each tray of envelopes entered is taken to staff who verify signatures with those in the system on Voter Registration Cards (VRC) or DMV records. If there are loops or squiggles that match then the signature is verified. Once verified staff initials the envelope and stripes a red line on it.

Then those trays of VBM ballots in signature-validated envelopes are delivered to the processors who take six or so of the trays and sort them into cons with strips of paper standing up to designate the place of the con. Of course there is a count. When all six trays are in order the processors take a tray to a table and in pairs, first one staff counts the envelopes (checking to match the tally number) into two piles. Each of the pair take one pile and the processing continues. Open the envelope, pull out the ballot, place the envelope in a pile to be rubber-banded together and saved in a box of similar envelopes. Staff tear off the strip when left on the voter card at the top and save them. They put these strips in one of the envelopes of that con. These eight or ten recurring temporary election staff rotate pair members daily.

It is the procedure of the processing pair to work with one con at a time. Unfold the ballot and inspect the barcodes on both edges on both sides of both cards. Inspection is determining that the scanner can accept the barcodes. If compromised by the voter folding an inch over its end before placing the ballot in its envelope, or if there is food or make-up on the barcode, or if the ink of the barcode is compromised, then a duplicate ballot will be made by the pair of processors.

The pair stacks the ballots needing duplication separately from the scanner ready ballots they have inspected and stacked elsewhere on their table. These ballots are from the same con. So one of the pair pulls the required A and B cards for that con from the supply of blank voter ballots for the 96 cons that are on the floor in numerous crates in rows and columns with cons separated in each crate by red paper sheets. Staff bend and stretch out their arms to reach for their specific A and B cards.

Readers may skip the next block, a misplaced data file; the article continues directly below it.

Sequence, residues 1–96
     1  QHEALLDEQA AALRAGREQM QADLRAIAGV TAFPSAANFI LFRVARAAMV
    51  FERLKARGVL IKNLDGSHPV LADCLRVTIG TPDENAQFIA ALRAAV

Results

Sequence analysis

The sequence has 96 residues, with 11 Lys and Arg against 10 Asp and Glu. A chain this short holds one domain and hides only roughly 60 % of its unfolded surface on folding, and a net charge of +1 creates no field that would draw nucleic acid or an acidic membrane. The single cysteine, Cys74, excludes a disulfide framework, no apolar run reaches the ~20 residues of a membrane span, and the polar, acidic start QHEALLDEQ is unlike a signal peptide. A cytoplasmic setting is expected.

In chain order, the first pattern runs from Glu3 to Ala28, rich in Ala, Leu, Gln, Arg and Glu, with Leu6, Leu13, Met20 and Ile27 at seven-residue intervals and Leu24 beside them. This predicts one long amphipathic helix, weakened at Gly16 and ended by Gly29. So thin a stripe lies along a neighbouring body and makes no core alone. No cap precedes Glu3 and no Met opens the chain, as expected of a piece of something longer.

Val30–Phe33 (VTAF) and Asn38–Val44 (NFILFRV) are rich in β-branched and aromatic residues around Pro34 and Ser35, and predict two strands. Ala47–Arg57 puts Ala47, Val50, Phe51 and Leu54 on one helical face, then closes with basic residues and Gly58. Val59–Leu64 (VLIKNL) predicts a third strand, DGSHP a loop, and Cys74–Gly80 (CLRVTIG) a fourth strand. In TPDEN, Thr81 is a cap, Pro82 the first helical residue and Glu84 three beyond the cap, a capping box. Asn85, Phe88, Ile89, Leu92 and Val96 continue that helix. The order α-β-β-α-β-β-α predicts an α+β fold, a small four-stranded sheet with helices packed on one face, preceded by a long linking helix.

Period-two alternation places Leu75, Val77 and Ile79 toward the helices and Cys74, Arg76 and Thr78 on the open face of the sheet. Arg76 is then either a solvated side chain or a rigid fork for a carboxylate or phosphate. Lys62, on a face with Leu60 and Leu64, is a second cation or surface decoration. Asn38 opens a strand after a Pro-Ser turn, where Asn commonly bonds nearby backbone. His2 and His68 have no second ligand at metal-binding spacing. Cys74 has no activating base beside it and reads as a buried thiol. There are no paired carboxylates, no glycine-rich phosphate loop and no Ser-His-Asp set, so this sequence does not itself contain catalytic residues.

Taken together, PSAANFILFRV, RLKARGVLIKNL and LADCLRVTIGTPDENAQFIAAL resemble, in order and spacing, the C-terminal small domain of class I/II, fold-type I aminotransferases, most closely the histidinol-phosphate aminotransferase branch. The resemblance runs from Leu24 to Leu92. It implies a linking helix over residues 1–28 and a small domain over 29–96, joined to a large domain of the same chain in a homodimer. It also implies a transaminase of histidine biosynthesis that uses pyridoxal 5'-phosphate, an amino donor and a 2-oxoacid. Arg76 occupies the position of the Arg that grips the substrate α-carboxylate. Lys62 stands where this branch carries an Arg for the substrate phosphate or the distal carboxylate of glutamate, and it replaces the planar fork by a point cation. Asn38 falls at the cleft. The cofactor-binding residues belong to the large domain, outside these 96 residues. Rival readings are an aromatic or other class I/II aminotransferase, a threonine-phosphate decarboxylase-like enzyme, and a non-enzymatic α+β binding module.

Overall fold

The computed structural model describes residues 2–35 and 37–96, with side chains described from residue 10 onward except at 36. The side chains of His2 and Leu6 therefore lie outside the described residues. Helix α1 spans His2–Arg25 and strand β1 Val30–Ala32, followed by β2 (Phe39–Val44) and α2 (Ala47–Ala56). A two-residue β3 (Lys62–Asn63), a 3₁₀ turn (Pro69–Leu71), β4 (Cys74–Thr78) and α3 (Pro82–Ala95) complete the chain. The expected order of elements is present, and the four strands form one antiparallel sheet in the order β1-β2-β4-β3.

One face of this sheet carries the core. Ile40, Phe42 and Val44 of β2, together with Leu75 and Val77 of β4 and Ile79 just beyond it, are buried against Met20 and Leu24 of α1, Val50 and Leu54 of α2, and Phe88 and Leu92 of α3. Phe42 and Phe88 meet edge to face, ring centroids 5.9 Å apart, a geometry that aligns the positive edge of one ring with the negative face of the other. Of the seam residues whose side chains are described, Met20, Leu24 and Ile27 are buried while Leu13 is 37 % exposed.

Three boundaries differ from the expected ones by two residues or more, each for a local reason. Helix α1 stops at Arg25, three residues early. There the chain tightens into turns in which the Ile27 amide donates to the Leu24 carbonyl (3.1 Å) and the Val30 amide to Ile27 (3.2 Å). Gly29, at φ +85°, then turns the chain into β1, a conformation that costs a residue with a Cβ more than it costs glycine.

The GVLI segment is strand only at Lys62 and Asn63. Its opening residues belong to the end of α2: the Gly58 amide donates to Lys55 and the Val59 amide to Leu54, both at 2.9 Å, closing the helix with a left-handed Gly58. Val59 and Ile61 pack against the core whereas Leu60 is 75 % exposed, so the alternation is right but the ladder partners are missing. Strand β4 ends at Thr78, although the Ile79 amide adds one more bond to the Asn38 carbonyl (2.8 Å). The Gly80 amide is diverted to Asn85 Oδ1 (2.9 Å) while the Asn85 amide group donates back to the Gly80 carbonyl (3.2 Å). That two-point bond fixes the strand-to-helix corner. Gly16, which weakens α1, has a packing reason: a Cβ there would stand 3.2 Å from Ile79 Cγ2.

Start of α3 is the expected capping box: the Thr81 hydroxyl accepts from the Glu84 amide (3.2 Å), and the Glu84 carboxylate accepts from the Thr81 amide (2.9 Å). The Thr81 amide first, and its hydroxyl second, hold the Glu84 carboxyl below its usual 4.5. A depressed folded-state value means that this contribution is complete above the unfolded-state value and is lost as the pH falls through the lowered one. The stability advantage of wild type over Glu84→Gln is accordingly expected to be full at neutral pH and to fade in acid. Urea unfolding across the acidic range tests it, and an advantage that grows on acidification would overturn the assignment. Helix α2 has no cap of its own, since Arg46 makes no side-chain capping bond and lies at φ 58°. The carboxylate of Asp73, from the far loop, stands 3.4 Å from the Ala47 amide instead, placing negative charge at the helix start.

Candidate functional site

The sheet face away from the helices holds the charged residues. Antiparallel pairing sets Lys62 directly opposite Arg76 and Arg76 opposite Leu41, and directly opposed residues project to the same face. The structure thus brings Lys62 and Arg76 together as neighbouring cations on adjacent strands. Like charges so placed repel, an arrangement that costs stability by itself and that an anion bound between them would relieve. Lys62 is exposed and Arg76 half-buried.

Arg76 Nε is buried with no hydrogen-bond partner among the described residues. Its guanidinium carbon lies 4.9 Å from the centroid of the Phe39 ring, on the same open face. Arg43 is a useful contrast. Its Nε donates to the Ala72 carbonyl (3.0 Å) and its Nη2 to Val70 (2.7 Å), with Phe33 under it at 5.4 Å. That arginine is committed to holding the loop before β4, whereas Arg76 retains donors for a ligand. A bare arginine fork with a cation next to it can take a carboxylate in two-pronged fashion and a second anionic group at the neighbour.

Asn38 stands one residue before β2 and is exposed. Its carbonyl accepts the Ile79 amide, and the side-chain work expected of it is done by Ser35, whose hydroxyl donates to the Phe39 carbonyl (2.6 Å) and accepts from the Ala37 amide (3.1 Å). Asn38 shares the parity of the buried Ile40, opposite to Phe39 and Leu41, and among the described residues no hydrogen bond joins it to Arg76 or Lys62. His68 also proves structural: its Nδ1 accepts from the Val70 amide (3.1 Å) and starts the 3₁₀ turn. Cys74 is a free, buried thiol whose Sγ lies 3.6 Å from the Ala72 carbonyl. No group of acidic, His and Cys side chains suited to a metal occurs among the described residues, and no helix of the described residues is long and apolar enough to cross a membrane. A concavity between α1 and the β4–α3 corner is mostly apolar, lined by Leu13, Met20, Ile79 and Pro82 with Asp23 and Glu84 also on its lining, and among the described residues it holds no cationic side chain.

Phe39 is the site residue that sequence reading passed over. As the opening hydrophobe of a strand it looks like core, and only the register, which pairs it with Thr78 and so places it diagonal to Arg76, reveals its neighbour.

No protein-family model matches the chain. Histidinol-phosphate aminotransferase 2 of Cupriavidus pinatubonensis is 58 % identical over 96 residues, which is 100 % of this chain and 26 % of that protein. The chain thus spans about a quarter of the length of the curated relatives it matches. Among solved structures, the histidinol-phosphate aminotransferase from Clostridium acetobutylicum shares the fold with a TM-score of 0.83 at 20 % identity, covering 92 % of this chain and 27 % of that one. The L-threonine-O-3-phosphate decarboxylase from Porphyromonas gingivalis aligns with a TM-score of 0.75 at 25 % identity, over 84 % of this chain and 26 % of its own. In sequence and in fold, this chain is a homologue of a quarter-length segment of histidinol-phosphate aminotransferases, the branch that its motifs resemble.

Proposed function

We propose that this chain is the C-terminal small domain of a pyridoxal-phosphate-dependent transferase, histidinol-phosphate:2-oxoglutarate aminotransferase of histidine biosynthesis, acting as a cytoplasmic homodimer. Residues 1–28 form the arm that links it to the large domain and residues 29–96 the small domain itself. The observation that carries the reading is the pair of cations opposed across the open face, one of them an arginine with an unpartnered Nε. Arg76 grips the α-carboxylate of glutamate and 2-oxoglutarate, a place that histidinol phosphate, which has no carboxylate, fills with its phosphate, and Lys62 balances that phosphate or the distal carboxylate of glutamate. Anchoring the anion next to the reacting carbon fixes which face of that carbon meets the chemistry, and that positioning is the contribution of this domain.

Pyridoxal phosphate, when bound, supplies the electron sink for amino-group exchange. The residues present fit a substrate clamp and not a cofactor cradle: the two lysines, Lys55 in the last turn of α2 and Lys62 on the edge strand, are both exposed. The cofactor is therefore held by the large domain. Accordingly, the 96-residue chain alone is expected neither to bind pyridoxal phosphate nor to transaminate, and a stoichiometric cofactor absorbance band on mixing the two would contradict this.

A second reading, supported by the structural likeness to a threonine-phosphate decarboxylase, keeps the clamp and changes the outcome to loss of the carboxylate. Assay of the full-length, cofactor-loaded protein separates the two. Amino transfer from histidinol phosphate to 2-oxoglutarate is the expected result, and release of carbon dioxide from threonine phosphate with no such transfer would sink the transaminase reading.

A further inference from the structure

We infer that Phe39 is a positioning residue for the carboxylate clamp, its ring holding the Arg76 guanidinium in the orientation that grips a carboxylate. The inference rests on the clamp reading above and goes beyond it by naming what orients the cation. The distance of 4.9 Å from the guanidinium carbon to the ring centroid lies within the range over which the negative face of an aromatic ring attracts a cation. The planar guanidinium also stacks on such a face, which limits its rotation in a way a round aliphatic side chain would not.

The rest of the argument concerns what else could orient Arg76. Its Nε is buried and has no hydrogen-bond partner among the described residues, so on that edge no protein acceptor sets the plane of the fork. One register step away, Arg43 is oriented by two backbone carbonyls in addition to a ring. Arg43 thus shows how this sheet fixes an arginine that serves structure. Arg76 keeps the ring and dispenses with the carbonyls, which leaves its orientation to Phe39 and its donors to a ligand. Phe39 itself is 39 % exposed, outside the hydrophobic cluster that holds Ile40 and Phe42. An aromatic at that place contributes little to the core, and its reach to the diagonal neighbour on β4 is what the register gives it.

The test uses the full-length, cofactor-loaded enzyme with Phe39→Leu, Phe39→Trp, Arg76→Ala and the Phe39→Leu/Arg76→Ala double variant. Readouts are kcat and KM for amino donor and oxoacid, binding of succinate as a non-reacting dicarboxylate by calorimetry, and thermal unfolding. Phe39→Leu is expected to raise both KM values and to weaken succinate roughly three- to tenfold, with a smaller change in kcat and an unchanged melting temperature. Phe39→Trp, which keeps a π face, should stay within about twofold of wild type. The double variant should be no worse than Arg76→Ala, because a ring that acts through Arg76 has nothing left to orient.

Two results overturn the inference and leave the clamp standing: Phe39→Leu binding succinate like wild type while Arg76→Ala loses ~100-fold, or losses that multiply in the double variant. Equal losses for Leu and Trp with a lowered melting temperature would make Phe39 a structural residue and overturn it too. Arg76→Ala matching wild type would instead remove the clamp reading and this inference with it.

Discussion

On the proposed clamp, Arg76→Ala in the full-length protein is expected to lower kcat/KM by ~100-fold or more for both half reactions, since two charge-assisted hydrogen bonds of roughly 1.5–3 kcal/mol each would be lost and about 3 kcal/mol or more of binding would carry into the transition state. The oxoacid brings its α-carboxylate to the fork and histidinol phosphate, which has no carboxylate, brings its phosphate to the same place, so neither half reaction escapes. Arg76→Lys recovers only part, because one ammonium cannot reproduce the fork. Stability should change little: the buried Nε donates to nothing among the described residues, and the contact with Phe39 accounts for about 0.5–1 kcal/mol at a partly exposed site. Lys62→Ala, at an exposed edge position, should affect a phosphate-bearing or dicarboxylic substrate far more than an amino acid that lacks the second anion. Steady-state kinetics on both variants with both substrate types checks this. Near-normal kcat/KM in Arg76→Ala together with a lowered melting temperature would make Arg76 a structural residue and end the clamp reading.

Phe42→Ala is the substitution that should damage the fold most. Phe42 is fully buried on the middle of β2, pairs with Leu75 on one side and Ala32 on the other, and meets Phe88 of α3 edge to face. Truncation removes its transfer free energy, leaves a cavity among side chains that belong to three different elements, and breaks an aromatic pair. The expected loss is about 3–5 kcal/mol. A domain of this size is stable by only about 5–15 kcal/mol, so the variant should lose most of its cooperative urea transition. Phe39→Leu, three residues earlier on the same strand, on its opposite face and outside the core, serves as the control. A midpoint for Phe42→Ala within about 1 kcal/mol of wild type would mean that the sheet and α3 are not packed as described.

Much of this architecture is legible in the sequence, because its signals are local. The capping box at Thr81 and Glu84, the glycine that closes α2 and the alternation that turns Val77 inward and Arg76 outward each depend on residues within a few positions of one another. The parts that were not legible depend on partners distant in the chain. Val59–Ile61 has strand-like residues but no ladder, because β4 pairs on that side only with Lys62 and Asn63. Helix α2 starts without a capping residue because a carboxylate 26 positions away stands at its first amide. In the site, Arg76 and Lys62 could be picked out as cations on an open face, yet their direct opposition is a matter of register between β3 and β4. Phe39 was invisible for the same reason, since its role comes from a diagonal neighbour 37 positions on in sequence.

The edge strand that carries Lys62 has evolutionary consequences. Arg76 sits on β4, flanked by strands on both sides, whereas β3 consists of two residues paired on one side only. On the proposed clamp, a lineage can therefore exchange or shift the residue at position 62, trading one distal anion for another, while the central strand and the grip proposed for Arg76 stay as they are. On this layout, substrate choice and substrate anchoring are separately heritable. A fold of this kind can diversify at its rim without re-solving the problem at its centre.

The member who pulls the con voter cards hands them to their partner who checks that they are the right voter cards. There is a sign-out sheet for the voter cards where staff enter subsequent numbers to the last entry and initial that duplicationtrackingsheet. Attheirtableeachstaffwritestheduplicationnumber on the original ballot, or on the duplicate ballot to be filled out, and on the con tally sheet. They date and each partner initials the tally form and the original and duplicate ballot. The pair always has one member call out the votes and the other member always writes with black marker the vote. If an error occurs they write “spoiled” in large black letters and fold the ballot in half. They immediately start over the duplication of that voter card.

As the pair finishes the duplication, the original ballot cards go in a clear plastic bag on a specific table that has a label “DUPED.” The duplicated ballots with the scanner ready ballots are placed into a clear plastic bag horizontally and the plastic is folded over and held with a sticker that both processors have initialed. That plastic bag is placed on a sturdy cart with other scanner ready ballots in their plastic bags with labels of con and signatures.

When a partner is unavailable there are one-person tasks. One such duty is putting in alphabetic order those VBM envelopes returned by the Post Office because people moved. There were approximately 5500 such envelopes. The supervisor mentioned that four people who contacted the election office about not receiving their ballot were found in the alphabetized set. VBM ballots are not to be forwarded, though the Post Office must have forwarded some to voters who offered their out-of-county address on theYolo County ballot.

There is one wand to scan the VBM envelopes. So one staff continues to enter the VBM voters into the system by wand, or by hand as needed. Signature verification proceeds. Trays move and counts are made and cons are sorted and counted and then counted and processed by pairs of staff. Duplications continue to be made.

Ballots must be clean and crisp and flattish cards for the scanner to read/accept them. The vote counting will continue!